Tag Archives: Family

Peering into the past

Bloganuary: How far back in your family tree can you go?

On my husband’s side of the family, they can trace their tree back to the Safavids. (Cool, yes?) On my side of the family, not quite so far.

Both my parents did work on pulling together the family tree. Most of these notes are handwritten or on an old laptop. I’m the keeper of all this now. It’s occurred to me that if I don’t keep them, they’ll be lost forever.

So, yes, genealogy is on my list of things I’d like to tackle this year.

A few months back, I fell down an internet rabbit hole. I knew my grandfather (mother’s side) emigrated from Sweden. He died young—when my mom was six—trying to save another firefighter in a furniture factory fire. This story is part of our family lore. In searching for more information on that, I found a news article listing the names of people who gained citizenship due to their service in World War I.

My grandfather’s name was among those listed. And I was all:

Wait. What?

Considering I spent six years on active duty in the Army, you’d think his service would have come up in conversation. After all, I knew the uncle who flew in WWII. Plus, there’s a story about a German ancestor who fought for the Union during the Civil War.

Now I wonder if my mom even knew about this. Or if the firefighter part of her father’s persona and our family history (her grandfather was a fire chief) simply eclipsed this part of his life.

I’ll never know the answers to those questions. Still, I hope to uncover more about his time in the service. If I can piece together some fragments, I might have a clearer view into the past.

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That Good Night

I’ve been away for a while. I haven’t meant to be, but that’s how it worked out.

Last October, my mom had a major bowel obstruction, which required surgery. (Or rather, it was surgery vs. palliative/hospice care; she opted for surgery).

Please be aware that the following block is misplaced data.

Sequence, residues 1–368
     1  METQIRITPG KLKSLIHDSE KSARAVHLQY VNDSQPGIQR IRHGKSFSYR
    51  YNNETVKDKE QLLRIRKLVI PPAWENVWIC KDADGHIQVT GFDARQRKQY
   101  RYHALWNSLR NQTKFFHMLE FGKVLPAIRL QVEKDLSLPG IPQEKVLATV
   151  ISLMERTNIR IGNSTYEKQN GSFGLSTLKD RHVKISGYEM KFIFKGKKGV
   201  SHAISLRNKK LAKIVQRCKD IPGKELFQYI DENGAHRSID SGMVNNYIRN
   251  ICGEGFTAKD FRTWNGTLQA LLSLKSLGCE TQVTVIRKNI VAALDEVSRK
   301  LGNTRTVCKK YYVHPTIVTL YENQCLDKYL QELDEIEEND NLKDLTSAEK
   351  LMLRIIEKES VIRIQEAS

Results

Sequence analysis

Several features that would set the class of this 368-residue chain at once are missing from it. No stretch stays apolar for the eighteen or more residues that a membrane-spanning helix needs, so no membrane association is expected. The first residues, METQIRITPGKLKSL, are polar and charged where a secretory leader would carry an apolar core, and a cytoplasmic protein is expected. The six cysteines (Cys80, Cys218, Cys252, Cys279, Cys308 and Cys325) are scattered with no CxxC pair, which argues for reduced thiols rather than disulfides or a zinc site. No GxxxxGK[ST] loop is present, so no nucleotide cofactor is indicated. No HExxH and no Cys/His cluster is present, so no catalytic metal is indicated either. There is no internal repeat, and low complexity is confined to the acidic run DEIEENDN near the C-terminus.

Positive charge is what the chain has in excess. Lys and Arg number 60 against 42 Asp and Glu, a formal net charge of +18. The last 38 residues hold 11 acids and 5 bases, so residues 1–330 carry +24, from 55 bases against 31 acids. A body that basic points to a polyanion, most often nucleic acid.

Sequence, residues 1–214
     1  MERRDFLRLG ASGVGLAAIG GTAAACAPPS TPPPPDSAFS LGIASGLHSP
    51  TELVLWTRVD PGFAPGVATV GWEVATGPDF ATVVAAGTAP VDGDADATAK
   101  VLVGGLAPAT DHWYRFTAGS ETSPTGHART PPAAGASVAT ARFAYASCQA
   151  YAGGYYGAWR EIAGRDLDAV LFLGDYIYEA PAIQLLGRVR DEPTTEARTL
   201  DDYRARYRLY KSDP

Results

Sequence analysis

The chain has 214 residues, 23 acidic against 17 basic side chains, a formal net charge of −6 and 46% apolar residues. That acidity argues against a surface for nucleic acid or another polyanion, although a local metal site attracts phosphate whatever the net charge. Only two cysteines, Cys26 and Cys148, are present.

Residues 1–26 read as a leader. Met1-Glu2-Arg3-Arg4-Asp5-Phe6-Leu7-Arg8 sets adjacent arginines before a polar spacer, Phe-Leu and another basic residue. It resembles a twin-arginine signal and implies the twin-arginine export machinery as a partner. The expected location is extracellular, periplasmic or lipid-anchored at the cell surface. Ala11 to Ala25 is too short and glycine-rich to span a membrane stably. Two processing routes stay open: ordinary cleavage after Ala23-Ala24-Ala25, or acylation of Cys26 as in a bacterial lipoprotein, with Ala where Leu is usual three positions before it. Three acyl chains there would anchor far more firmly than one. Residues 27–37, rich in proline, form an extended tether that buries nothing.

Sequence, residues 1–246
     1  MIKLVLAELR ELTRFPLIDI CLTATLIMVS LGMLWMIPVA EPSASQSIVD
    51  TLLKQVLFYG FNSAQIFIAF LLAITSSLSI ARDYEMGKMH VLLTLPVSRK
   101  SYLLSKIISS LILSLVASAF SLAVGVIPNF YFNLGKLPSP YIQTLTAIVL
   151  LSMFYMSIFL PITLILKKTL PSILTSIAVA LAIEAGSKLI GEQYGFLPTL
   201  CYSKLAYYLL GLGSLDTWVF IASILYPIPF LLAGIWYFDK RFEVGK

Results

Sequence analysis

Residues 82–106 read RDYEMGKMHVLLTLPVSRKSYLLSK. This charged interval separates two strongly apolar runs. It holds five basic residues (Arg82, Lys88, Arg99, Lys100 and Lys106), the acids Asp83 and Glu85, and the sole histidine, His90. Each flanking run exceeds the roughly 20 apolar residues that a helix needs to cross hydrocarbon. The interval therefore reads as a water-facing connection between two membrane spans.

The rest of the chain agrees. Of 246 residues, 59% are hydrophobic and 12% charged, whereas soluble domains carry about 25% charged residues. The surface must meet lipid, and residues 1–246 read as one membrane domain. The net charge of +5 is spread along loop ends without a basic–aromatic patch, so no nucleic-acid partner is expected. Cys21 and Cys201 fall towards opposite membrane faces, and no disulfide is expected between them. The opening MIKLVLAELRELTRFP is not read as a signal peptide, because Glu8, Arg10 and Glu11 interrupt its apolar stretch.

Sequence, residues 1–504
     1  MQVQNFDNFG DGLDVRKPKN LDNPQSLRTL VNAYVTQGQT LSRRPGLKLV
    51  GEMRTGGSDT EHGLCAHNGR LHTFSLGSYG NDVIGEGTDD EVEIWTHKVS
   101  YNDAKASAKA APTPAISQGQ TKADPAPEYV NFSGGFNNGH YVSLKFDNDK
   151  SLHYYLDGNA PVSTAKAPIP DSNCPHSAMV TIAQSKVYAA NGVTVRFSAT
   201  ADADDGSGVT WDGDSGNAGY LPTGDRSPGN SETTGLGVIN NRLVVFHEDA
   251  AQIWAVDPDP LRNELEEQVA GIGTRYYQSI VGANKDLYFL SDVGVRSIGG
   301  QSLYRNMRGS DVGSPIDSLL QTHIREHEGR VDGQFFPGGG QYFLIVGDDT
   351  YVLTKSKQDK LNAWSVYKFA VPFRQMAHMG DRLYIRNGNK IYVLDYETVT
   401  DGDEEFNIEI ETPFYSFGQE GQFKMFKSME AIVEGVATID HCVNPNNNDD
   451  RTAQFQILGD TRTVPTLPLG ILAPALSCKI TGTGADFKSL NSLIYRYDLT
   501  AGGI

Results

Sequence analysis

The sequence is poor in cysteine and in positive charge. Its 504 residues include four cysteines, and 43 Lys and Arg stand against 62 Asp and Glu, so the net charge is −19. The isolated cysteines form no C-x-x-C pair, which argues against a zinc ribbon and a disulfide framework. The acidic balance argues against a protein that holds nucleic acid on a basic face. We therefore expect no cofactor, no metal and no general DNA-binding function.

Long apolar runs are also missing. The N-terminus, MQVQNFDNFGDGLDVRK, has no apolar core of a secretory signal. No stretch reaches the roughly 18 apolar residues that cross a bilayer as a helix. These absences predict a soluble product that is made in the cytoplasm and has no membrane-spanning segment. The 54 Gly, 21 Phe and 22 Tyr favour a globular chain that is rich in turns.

When I talked to her surgeon—at five a.m., after a twelve-hour stint in the emergency room—he spoke of uncertain outcomes. They wouldn’t know what they’d find once they opened her up. There was her age to consider, her other health issues.

Despite these things, she made it through the surgery surprisingly well. Her incision healed without infection. A different infection, unrelated to her surgery, needed treatment, but her care team found the right antibiotics. My sister and I were cautiously optimistic.

But it was a long winter. One hospital stay led to another. Days before Christmas, it was two blood transfusions in the emergency room. In January, it was fluid overload from the two transfusions in December. In February, it was the three a.m. call from the assisted living triage nurse followed by the frantic drive around the Twin Cities—because no one could tell us which hospital the EMTs had taken her to.

That was the time they had to intubate. My mom spent a week in the ICU. It was then one of the ER doctors turned to me and asked, “Are you a healthcare professional?”

I didn’t know how to respond to that.

During all this, I could hear the voice of that first surgeon, his words a continuous loop in my mind.

Uncertain outcomes.

He was right. Everything was uncertain. Except for one thing.

Did we see what was coming? Yes. And no. Maybe we didn’t want to admit it, not completely. There were talks, often with compassionate palliative care team members. There was a chasm between honoring my mother’s wishes and what was—as everyone else was telling us—realistic. Bridging that gap felt impossible.

Because my mother was a fighter. It might be cliché, but those lines from the Dylan Thomas poem sum it up so completely:

Do not go gentle into that good night.
Rage, rage against the dying of the light.

And yet it wasn’t enough. In the end, she had to stop fighting. In the end, we had to tell her it was okay to do so. In the end, we had to let go.

On April 26th, we started hospice for my mom. On May 2nd, she died. 

I want to write more about this past year. At the same time, I want to look forward, see what’s on the horizon—for me and my writing.

But for now, I leave you with my parents’ trees at the Minnesota Landscape Arboretum.

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